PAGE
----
You have repeatedly heard that some products are called superfoods. But what exactly does this mean? Which products can be included in this honorable list? And why aren’t they really superheroes? This is my new digest.
What are superfoods?
Some products have such strong compared with their counterparts abilities to positively affect human health that they began to call them superfoods (or superfoods). In one, an unusually high concentration of powerful antioxidants. In another, a whole palette of vitamins. Still others supply us with a large dose of essential omega-3 fatty acids. In other words, it can be any property useful to our body, the main thing is that it is either extremely strong or combined with an exceptionally large number of other useful properties.
What foods can be classified as superfoods? Continue reading
The benefits of spinach for the human body
Spinach – a unique plant, if not paradoxical. How can these leaves with their 23 kilocalories per 100 grams. be so nutritious and healthy? You probably remember the cartoon about the sailor Popeye, who became incredibly strong by eating a can of spinach? So, about spinach – it’s almost true. Of course, he will not bring superpowers to us, but he will certainly strengthen strength and health.
The beneficial properties of spinach for the human body are truly impressive. First of all, spinach is extremely rich in vitamins, especially vitamins and beta-carotene. It also contains a substantial dose of vitaminann – a powerful antioxidant that improves skin and hair condition and inhibits the development of atherosclerosis. Strengthens blood vessels and folic acid (vitamin B9), and spinach contains a decent dose of this vitamin. Continue reading
I won’t tire of writing about the benefits of cabbage: it is really worth it. As a storehouse of antioxidants and anti-inflammatory substances, it is rightfully a superfood, and one of the most affordable. But at the same time, and one of the most diverse: white and red, broccoli and Brussels, color and savoy – choose! First of all, all types of cabbage are rich in such a powerful antioxidant as vitamins C and K. Antioxidants neutralize free radicals that take away the missing electron from healthy cells, thereby starting the aging and oxidation processes in our body. Namely, oxidative stress is the cause of many diseases.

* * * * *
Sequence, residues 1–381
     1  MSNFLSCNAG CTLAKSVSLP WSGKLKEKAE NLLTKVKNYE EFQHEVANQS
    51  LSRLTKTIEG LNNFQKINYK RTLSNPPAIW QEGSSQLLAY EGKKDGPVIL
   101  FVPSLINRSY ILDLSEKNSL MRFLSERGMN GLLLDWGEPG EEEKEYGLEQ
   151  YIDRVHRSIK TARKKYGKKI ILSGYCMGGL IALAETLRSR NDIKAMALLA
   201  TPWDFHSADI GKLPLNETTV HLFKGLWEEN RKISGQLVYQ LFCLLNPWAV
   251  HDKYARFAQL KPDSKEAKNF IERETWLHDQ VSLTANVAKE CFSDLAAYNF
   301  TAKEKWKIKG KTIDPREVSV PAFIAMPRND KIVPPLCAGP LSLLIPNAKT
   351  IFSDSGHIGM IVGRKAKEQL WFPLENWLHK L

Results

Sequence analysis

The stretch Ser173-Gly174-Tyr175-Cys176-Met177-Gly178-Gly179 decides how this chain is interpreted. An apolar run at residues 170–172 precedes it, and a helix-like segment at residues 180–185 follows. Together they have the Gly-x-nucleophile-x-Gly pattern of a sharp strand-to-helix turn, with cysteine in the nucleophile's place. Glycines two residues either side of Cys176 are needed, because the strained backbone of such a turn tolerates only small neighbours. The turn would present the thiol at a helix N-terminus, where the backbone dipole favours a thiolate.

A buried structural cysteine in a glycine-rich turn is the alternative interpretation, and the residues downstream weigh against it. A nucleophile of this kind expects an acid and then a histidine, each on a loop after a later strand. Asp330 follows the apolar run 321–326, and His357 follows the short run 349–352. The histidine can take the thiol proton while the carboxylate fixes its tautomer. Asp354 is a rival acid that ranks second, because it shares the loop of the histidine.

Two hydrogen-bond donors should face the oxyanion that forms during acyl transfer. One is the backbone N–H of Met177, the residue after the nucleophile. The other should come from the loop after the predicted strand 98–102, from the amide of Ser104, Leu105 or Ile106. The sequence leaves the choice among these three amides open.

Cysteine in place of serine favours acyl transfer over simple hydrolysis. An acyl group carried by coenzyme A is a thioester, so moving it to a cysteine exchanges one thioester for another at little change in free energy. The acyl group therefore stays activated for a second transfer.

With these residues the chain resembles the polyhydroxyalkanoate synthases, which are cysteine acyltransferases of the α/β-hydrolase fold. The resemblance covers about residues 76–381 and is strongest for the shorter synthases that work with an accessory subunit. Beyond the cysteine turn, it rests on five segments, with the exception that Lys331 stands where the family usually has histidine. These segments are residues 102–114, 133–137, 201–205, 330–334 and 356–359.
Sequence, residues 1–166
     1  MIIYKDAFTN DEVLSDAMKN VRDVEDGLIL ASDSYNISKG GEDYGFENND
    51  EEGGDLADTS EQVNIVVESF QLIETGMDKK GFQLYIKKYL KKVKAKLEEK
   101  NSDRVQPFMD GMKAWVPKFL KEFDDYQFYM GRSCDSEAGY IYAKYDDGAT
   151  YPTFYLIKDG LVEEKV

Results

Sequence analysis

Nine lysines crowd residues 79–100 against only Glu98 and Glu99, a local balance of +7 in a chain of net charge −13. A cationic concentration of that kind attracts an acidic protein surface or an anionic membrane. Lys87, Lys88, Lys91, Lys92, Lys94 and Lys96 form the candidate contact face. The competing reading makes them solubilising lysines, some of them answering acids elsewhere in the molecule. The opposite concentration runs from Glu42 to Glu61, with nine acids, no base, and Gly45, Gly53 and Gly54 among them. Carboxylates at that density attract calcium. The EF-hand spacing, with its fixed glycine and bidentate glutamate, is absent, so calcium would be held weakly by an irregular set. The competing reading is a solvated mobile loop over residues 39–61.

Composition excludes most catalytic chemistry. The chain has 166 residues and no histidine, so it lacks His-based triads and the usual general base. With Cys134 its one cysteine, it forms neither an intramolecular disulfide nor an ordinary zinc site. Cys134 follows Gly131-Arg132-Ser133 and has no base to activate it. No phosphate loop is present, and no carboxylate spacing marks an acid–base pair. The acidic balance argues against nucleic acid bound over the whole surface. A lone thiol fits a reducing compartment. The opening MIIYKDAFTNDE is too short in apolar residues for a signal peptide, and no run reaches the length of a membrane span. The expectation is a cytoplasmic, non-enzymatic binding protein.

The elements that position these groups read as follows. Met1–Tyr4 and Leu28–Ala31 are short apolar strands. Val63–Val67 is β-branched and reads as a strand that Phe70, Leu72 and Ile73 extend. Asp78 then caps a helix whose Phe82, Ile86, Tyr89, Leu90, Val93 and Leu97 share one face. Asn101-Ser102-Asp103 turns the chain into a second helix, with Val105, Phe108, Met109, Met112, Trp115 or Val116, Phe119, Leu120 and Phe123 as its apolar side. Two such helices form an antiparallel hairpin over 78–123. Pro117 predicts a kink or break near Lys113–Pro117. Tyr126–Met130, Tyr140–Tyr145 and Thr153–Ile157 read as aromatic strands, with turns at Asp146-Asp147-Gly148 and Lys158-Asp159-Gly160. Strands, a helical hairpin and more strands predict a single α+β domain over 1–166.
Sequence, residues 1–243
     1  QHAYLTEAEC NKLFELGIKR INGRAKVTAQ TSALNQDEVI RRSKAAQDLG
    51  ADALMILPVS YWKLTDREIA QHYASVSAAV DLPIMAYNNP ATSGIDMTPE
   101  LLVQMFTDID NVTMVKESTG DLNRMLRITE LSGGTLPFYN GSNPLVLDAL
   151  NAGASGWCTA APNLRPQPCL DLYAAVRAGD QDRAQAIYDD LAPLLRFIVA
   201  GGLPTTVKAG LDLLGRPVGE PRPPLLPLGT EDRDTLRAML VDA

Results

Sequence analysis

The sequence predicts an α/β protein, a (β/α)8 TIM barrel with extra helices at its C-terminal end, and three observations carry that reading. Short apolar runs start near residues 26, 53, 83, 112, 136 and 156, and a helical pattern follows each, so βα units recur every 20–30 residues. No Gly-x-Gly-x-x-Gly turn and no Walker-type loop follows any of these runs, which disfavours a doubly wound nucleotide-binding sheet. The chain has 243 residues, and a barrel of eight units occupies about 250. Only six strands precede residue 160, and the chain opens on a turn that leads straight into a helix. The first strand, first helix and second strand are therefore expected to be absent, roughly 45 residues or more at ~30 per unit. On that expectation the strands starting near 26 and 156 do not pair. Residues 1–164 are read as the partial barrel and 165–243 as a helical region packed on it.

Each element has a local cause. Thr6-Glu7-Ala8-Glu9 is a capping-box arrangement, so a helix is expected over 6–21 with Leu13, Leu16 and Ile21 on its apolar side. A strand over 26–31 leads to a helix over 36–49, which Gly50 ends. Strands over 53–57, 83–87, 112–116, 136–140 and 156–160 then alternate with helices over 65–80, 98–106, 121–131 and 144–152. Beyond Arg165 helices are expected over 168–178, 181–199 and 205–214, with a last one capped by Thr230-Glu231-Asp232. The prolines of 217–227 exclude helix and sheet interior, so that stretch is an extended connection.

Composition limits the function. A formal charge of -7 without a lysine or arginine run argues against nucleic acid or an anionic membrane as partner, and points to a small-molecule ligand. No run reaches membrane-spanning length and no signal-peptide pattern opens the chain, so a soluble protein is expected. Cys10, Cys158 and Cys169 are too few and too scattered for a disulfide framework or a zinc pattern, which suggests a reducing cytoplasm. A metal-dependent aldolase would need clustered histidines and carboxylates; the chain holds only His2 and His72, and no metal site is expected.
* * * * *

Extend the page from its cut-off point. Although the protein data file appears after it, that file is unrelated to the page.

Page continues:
Different types of cabbage contain their own set of phytonutrients (such as carotenoids and polyphenols), which relieve inflammation, strengthen immunity, support cell health, protect against cancer and have antioxidant properties. For example, broccoli (beta-carotene) and Brussels sprouts (lutein and zeaxanthin) are rich in carotenoids useful for vision. And sulforaphane – a sulfur compound that helps the liver get rid of toxins – contains white cabbage, Brussels sprouts and broccoli. Continue reading
Chia seeds are rapidly spreading and gaining popularity among adherents of a healthy diet. But many, standing in front of a supermarket shelf with this rather rare product, will think about whether to take it? Why are these outlandish seeds so useful and, most importantly, how to cook them? Let’s get it right.
The seeds of this plant of the sage genus came to us from Central America. In 2005, the European Union recognized chia seeds as a “promising food.” Yes, this food is really very promising. Especially when you consider that only two tablespoons of these seeds – and this is enough to cook such a delicious and refreshing raspberry “jam” – contain at their 140 kilocalories as much as 5 grams of protein and 10 grams of fiber. And do not be afraid of 9 grams of fat contained in this portion. After all, most of it falls on essential fatty acids: a couple of tablespoons of chia seeds will more than provide you with the daily norm of alpha-linolenic acid (omega-3) and about one sixth of the norm of linoleic (omega-6) fatty acids. Continue reading
This spring, I lived in California, and I had the opportunity to attend a very interesting two-month nutrition course at Stanford University. The program was called Food Facts and Fads (“Food: Facts and Myths”) and, as the name implies, was supposed to teach students to understand a huge stream of scientific and pseudo-scientific information about nutrition.
I want to tell you about some of the topics that we discussed.
This article deals with the problem of oxidation, which our teacher, Dr. Clyde Wilson, raised literally in every lesson. What is oxidation? From a chemical point of view, this is a process during which a donor molecule gives an electron to an oxidizing molecule. That is, the donor loses an electron, thereby oxidizing. In principle, in the human body, this process should be balanced by a system to protect cells from damage, but often this system is not able to withstand a huge number of aggressive forms of oxygen, such as free radicals that oxidize (i.e. damage) important components of our cells. As a result, the body experiences oxidative stress, and this is one of the causes of many diseases. Antioxidants are a powerful force that can neutralize aggressive free radicals. More about them and tells my teacher. Below is the text of his article. Continue reading